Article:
Freezing climate change

Freezing climate change

As the global climate gets hotter, there is an ever greater need for refrigeration. But the more we chill food and drinks in fridges and cool our rooms with air-conditioning, the hotter the air outside will get. It is a catastrophic spiral.

21 Jun 2019

Em português 


Fridges and air-conditioning units not only get hot themselves - which you will know if you have ever touched the back of working fridge or stood outside next to an air-conditioning vent – but they use a lot of electricity, usually generated by burning fossil fuels.

However, bad as this is, refrigeration poses an even greater risk to the climate. When care is taken, the refrigerant gases used in cooling and freezing appliances stay within a closed circuit and are safe. But if they escape into the air as a result of a malfunction, poor service practices or if the appliance is not properly disposed of at the end of its life, the gases contribute to global warming.

For most of the twentieth century, the refrigerant gases used were chlorofluorocarbons (CFCs) and hydrochlorofluorocarbon (HCFC). These are in the process of being phased-out in accordance with the international environmental treaty, the Montreal Protocol, because it was discovered that they damaged the ozone layer that shields our planet from dangerous ultra-violet rays.

The problem is that the heating, ventilation, and air-conditioning (HVAC) industry turned instead to hydrofluorocarbon (HFC) refrigerants as substitutes. Since the 1990s, HFC refrigerants, which do not harm the ozone layer, have been used widely in refrigeration, air-conditioning, and heat pump applications. However, most HFC refrigerants have a massive global warming potential, with an effect that is thousands of times more powerful than CO2 in terms of trapping heat in the atmosphere.

The Kigali Amendment to the Montreal Protocol, which entered into force on 1 January 2019, will help reduce the production and consumption of HFCs but what will HVAC industry use instead?

Engineers from Brazil’s Eletrofrio company have come up with a solution. With the support of Brazil’s Ministry of Environment and the UN Industrial Development Organization (UNIDO), Eletrofrio has developed a new chiller technology using propane as an alternative refrigerant. Propane has zero ozone-depletion potential and very low global warming potential. The short video below provides a more detailed explanation of their project.

Propane refrigeration technology does not only combat climate breakdown. Compared to the currently used methods, propane-based refrigeration technology is up to 30% more energy efficient. According to the Lithuanian company, Freor, a pioneer of using R290 propane in commercial refrigeration equipment, “A propane system operates in the regime dependent on outdoor temperature, making it easier to ensure optimum electricity consumption.”

UNIDO has been assisting Brazil in meeting the requirements of the Montreal Protocol HCFCs phase-out plan since 2014, and the country is on track to eliminate these substances by 2040. Part of the UNIDO project has focused on the development of alternative refrigeration and chiller technologies that can be used instead of HCFCs and HFCs.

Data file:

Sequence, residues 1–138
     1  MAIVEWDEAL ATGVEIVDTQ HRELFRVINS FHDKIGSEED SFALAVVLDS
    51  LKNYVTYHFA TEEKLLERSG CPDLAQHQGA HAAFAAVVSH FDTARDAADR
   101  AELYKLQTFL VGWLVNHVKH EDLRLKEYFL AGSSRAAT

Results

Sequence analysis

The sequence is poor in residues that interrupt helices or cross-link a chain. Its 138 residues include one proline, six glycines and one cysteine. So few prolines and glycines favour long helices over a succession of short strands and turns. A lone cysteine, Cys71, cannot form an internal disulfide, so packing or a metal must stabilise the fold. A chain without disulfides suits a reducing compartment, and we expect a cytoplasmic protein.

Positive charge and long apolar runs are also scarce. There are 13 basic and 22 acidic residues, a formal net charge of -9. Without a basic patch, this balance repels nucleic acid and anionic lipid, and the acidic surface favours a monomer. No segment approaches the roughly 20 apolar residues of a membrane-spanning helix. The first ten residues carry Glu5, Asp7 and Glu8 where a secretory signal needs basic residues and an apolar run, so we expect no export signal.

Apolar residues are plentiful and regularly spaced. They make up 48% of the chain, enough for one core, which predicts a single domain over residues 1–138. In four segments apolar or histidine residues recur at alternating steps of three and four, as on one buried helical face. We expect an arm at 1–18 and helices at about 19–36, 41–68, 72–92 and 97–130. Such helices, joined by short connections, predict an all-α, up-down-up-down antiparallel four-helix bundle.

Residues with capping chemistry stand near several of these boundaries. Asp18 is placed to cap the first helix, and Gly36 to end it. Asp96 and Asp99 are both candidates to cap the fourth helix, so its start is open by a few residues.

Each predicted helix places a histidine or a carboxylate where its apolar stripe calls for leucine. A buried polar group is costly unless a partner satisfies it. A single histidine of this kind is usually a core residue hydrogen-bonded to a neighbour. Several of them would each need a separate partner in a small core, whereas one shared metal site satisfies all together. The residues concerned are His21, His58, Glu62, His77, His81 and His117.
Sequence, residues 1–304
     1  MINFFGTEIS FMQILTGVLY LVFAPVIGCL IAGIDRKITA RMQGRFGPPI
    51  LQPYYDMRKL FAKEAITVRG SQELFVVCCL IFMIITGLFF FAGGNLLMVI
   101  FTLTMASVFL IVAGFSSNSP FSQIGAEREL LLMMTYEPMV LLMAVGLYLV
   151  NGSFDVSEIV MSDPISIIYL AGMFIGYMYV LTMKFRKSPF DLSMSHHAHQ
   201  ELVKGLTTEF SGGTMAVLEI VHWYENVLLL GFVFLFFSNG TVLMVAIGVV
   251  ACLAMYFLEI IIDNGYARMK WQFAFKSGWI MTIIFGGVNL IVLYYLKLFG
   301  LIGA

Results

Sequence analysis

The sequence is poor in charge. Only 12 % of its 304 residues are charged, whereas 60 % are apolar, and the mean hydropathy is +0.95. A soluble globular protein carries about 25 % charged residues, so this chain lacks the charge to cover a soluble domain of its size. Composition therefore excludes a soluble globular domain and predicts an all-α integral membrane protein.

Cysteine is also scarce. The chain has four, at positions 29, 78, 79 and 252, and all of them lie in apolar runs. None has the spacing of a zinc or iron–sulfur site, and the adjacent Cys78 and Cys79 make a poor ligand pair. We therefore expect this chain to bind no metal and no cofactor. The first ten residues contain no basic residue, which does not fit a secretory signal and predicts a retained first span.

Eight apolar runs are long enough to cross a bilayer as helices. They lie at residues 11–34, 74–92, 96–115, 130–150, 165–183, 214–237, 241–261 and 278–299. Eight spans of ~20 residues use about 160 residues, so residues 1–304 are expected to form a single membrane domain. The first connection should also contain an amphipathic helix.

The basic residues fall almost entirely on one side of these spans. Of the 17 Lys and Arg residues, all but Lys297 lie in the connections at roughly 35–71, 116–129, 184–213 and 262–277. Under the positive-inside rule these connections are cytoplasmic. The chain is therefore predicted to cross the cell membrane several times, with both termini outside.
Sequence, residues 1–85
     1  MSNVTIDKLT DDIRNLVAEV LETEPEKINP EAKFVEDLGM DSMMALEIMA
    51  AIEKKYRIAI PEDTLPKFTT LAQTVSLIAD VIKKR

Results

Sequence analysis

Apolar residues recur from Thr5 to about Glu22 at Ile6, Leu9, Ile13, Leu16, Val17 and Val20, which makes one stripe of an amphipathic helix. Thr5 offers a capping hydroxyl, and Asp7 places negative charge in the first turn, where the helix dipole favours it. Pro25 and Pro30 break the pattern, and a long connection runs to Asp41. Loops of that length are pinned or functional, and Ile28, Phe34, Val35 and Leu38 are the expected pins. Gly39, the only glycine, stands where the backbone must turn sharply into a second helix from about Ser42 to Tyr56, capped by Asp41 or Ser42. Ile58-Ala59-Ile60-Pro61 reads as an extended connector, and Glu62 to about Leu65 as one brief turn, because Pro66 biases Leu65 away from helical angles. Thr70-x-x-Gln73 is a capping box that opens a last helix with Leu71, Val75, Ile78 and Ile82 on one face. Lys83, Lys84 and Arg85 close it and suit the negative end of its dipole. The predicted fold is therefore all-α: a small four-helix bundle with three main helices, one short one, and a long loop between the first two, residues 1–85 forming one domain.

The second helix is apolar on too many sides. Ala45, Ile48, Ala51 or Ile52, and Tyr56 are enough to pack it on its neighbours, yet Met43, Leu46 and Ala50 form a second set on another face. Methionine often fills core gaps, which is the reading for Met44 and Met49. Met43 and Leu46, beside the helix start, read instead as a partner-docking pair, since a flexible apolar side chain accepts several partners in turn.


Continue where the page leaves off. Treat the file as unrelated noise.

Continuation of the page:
Now, with assistance from UNIDO and funding from the Multilateral Fund for the Implementation of the Montreal Protocol, Eletrofrio’s propane refrigeration technology is being put into practice in Curitiba, the capital of the southern Brazilian state of Paraná. At the beginning of April 2019, Supermercados Condor, one of the largest supermarket chains in Brazil, opened a store using only propane refrigerators to store and display frozen food.


At the opening of the store, Pedro Joanir Zonta Condor, who founded Supermercados Condor chain in 1974, declared said it will  go down in history as the first supermarket in South America to use propane technology in its refrigeration equipment. He expressed his hope that the propane chillers will significantly reduce the chain’s greenhouse gas footprint. “We always work to continuously improve sustainability and, of course, every technological progress that meets our ecological conscience will be used in our stores.”

Also present was Ole Nielsen, head of the UNIDO Montreal Protocol Unit, who congratulated those involved, saying, “I'm sure you'll take other companies in the same direction for the sake of our environment.”

UNIDO Brazil
Eletrofrio's Rogério Marson Rodrigues and UNIDO's Ole Nielsen and Sérgia Oliveira at the opening of the Condor store.

Rogério Marson Rodrigues, Eletrofrio's Engineering Manager, said it is important to emphasize the need to create a safe environment for the use of these technologies. According to Marson, “The technology itself is simple to explain,” adding, “Safety is the main point to be discussed in this type of refrigeration system.”

Elaborating on the issue of safety, Eletrofrio’s Ivair Soares Junior said, “One of the goals of the project is to avoid maintenance inside the supermarket. Because it is a modular system, if necessary, only the failing module needs to be removed and it can then be taken to the factory to perform maintenance.”

According to UNIDO project manager, Sérgia Oliveira, other projects are being discussed, together with the Ministry of Environment, UNIDO and the private sector, with the aim of making more and more new technologies available for the protection of the environment.